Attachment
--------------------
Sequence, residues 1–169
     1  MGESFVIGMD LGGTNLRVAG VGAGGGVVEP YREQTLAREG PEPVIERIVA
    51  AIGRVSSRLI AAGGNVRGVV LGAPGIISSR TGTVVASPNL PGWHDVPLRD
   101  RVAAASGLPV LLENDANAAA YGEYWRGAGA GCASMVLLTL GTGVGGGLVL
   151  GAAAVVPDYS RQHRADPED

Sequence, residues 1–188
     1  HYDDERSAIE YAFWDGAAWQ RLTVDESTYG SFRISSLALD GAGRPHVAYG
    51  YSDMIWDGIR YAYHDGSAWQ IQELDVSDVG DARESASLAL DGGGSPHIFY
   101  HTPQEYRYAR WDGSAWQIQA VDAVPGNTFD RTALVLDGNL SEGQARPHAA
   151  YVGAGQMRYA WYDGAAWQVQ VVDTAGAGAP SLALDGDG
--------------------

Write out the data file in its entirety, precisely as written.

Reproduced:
Sequence, residues 1–169
     1  MGESFVIGMD LGGTNLRVAG VGAGGGVVEP YREQTLAREG PEPVIERIVA
    51  AIGRVSSRLI AAGGNVRGVV LGAPGIISSR TGTVVASPNL PGWHDVPLRD
   101  RVAAASGLPV LLENDANAAA YGEYWRGAGA GCASMVLLTL GTGVGGGLVL
   151  GAAAVVPDYS RQHRADPED

Sequence, residues 1–188
     1  HYDDERSAIE YAFWDGAAWQ RLTVDESTYG SFRISSLALD GAGRPHVAYG
    51  YSDMIWDGIR YAYHDGSAWQ IQELDVSDVG DARESASLAL DGGGSPHIFY
   101  HTPQEYRYAR WDGSAWQIQA VDAVPGNTFD RTALVLDGNL SEGQARPHAA
   151  YVGAGQMRYA WYDGAAWQVQ VVDTAGAGAP SLALDGDG